How to Prepare for Your College Search as a Junior

by
CollegeXpress Student Writer

Jun   2017

Mon

26

Rising juniors, this is your time to shine. Junior year is tough, but preparing for your college search a year in advance will make it easier in the long run. Don’t worry. You’ve got this. And these tips will help.

The last two years of high school are always a flurry of exams, homework, deadlines, and making plans for the future—including college.

I am preparing to apply to college this fall, but I started my college research junior year so I could be better acquainted with my options and have a comprehensive plan of what I want to do next year.

That is why I’m sharing the following steps to help you lay the foundation of your college journey. It may be just the first stage of months of research—but the more planning you do, the more self-assured you will feel about your college search progress.

Think about your interests and abilities

The first order of business is to consider your own skills, interests, and preferences. You should have an idea of the type of study environment you want to be in for four years (or more) of your life. What kind of college and academic atmosphere do you think you’ll need to be happy and successful?

Related: The Ultimate Guide to the College Search: How to Find Your Perfect College Match

You should also think about your academic proclivities, achievements, and grades and search for colleges that match. Before undertaking my own college research junior year, I took a close look at the QS World University Rankings for my academic subjects of interest so I would have a sense of the top, second-, and mid-tier universities I might consider applying to later. This helped me compare my own potential and capacity with the average success rate of applicants. Keeping in mind my academic capabilities, test results, and other extracurricular activities, I am now more aware of the universities that will be a stretch for me to get into as well as my safety schools.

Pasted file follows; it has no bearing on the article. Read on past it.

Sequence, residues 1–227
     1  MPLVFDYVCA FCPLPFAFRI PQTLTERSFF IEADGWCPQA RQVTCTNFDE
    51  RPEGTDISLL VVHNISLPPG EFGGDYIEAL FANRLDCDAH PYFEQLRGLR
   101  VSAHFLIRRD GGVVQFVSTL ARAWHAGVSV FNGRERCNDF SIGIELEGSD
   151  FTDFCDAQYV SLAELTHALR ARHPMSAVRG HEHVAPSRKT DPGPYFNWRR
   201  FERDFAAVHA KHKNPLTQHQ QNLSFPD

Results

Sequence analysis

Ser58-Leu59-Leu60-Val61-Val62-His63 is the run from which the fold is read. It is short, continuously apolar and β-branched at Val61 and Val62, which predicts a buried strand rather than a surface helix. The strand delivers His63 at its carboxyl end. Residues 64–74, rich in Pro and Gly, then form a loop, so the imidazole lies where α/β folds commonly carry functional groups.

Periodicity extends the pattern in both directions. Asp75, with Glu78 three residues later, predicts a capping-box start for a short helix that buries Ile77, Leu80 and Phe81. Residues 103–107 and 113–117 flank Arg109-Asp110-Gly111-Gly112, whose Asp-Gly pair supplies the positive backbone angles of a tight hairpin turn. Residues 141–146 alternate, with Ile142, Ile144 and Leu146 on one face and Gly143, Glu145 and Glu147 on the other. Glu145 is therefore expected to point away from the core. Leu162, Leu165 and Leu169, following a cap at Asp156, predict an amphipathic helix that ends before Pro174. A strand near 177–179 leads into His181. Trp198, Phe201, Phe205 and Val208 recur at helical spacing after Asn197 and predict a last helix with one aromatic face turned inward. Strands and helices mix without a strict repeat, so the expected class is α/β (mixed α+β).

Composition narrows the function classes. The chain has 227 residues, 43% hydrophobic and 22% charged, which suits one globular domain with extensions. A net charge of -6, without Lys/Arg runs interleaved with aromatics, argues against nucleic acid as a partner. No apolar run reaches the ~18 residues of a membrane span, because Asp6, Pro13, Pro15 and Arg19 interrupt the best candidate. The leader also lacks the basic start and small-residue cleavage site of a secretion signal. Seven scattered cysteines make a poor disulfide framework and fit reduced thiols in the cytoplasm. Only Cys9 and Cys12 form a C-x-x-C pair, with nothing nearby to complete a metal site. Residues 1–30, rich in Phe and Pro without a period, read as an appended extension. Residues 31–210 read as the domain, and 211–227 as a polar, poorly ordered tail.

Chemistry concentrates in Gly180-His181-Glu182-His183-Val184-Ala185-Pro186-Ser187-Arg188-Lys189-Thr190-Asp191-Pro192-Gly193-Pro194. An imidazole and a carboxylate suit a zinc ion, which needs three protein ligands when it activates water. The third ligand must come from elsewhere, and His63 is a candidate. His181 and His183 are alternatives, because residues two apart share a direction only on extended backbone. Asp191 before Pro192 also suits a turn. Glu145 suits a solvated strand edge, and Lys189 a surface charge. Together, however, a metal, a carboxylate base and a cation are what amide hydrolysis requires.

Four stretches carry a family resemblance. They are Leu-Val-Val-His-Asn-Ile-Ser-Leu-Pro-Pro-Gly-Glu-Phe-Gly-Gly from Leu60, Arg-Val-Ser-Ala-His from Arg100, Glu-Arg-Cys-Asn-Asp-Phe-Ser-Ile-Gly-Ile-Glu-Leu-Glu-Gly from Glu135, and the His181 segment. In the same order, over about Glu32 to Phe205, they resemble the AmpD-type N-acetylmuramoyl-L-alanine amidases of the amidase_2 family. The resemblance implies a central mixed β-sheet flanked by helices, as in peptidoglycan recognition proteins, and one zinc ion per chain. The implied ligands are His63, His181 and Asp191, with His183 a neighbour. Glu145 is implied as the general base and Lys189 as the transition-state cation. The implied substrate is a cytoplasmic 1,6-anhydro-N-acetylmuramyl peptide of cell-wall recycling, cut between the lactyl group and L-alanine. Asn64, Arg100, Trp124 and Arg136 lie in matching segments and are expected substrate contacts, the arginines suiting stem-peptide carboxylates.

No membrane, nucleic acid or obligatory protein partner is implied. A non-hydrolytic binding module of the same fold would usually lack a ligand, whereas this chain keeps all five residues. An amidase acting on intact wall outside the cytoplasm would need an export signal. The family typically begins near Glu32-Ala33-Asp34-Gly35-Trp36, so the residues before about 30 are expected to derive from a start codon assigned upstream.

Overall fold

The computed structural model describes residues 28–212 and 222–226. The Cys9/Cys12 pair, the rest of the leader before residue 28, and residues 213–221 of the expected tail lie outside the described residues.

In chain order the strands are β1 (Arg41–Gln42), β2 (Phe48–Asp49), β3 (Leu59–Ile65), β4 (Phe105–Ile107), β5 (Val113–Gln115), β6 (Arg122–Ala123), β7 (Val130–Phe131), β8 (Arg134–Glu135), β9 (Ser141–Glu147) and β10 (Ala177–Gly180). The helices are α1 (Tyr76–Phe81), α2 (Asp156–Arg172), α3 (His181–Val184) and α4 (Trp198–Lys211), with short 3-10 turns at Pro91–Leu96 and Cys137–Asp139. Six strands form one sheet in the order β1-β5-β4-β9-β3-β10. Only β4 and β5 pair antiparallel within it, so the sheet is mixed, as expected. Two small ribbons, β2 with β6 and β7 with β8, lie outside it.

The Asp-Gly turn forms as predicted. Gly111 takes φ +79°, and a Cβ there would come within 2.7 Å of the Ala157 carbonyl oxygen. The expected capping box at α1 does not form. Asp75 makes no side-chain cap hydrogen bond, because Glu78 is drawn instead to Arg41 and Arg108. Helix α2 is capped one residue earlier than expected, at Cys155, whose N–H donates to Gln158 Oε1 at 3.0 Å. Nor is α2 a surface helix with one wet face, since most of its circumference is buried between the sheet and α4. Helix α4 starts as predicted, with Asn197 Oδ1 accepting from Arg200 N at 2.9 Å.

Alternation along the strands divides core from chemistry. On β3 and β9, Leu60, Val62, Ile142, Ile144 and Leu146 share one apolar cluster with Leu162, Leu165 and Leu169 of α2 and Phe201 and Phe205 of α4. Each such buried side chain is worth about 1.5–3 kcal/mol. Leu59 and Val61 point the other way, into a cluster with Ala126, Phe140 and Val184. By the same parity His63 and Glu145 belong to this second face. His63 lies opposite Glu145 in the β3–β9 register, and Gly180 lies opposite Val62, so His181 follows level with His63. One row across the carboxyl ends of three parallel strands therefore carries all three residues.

And for all you high achievers out there, remember that even some of the most talented people in the world don’t make it into the Ivy League and elite universities. So don’t focus all of your emotional and mental capital towards these schools.

Get the right emotional support

Going off to university when you’re 18 or 19 will help you set foot on the path to a successful future and career. But, naturally, there are feelings of apprehension! Surround yourself with friends, teachers, and family members who will inspire more confidence and make you feel positive about accomplishing your ambitions.

Ask these special people in your life for advice, and keep them abreast of your college plans and goals for the future so you can confide in them. My parents are an especially strong pillar of support for me, and I always tell them about what I am up to and the college research I’m doing. I also believe it is very important to stay away from people who are a hindrance and spread negativity and cynicism.

Understand what admission entails

You should find out everything you can about all the requirements you will need to meet in order to apply and be eligible for acceptance from your target universities. Be aware of the standardized tests you would need to take, like the SAT and ACT, and other more specific exams such as SAT Subject Tests, as you will likely be taking them during the upcoming junior year.

Related: Standardized Test Timeline for High School Students: What to Take and When? 

For international students who do not speak English as a first language, exams like the TOEFL and IELTS are additional essential requirements for many universities in English-speaking countries around the world.